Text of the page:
Posts Tagged ‘Game Of Thrones’

By Paul Gaszak, English Faculty

FYI: This is a SPOILER-FREE Turtle post. I won’t ruin Game of Thrones for those who haven’t seen recent episodes yet. Also, you don’t need to watch GoT or The Walking Dead to understand this post – so read on! 

Wow. The most recent episode of Game of Thrones (Episode 4.08: The Mountain & The Viper) was intense, to say the least. In a TV series that is marked by regular twists and surprises, no twist has shocked me the way this one did. Even after letting the episode sink in, I’m still thinking about it.

My reaction to the episode has shifted the more I think about. At first I was pleased: I love when a story – Game of Thrones or otherwise – surprises me. After all, great storytelling should surprise us.

Then, I gradually started to turn on the episode. The more I consider the conclusion, the more I’m displeased with it, because I believe the surprise ending sacrificed some deeply interesting long-term plot threads in favor of a short-term shock. Having not read the books, I’m hopeful that I’m wrong and that new, interesting plot threads develop from this conclusion.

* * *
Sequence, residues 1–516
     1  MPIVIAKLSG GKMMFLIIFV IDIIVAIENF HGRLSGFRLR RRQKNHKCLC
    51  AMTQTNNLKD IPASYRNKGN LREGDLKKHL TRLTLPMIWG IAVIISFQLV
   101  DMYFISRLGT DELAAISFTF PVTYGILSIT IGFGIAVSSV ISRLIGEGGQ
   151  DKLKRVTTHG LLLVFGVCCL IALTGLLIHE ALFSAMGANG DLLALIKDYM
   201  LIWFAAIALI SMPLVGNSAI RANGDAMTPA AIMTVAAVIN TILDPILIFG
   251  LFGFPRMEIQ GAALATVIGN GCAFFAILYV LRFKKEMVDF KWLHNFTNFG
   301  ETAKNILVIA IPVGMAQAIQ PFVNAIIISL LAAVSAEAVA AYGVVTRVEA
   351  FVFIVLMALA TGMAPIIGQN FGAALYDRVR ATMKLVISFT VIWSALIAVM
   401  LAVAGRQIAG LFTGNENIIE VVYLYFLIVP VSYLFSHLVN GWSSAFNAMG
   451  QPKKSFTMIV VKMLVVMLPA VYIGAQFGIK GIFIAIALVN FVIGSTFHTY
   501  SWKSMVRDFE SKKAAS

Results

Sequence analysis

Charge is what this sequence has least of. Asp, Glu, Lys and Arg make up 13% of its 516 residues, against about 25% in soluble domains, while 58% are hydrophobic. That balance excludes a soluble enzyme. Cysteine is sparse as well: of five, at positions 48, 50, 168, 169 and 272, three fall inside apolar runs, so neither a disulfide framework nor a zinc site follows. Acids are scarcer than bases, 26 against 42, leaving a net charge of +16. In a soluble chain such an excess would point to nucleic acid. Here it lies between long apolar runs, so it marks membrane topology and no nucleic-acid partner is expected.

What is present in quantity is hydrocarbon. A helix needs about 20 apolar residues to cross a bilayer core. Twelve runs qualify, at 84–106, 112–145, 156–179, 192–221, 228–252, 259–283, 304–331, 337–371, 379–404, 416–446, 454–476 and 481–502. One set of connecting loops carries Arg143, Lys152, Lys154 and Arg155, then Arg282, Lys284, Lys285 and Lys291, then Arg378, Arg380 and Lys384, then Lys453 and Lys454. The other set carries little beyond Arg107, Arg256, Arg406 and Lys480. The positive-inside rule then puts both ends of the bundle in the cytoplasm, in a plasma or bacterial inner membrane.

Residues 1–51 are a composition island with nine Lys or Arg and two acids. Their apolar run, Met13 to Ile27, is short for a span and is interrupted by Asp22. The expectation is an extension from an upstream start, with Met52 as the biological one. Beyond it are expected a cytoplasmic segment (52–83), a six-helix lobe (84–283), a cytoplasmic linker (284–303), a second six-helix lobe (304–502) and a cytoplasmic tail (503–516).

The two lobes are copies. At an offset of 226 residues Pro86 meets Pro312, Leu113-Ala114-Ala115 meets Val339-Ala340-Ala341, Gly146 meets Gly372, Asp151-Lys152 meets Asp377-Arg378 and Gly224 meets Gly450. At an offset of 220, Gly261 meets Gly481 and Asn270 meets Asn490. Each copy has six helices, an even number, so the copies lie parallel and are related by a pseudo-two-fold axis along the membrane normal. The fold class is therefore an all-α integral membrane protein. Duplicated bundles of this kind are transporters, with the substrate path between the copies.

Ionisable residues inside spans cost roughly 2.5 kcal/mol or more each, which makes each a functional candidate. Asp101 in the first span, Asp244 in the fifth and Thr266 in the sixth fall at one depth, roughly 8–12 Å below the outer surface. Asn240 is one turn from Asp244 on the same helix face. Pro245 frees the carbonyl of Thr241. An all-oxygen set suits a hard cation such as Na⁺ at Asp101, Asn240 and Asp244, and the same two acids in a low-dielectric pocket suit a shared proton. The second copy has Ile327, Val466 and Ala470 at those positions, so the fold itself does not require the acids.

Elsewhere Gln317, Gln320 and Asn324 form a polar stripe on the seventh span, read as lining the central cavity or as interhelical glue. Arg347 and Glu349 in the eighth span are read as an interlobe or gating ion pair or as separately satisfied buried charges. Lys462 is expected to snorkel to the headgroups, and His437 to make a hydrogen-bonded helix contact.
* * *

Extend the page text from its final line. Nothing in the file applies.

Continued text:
Games of Thrones and The Walking Dead – two of the most popular shows on TV – both work well in part because each show is willing to do what most TV shows and Hollywood movies will not: kill of characters – or more specifically, kill off protagonists.

Game of Thrones creator George RR Martin loves to kill off characters!

Game of Thrones creator George RR Martin loves to kill off characters!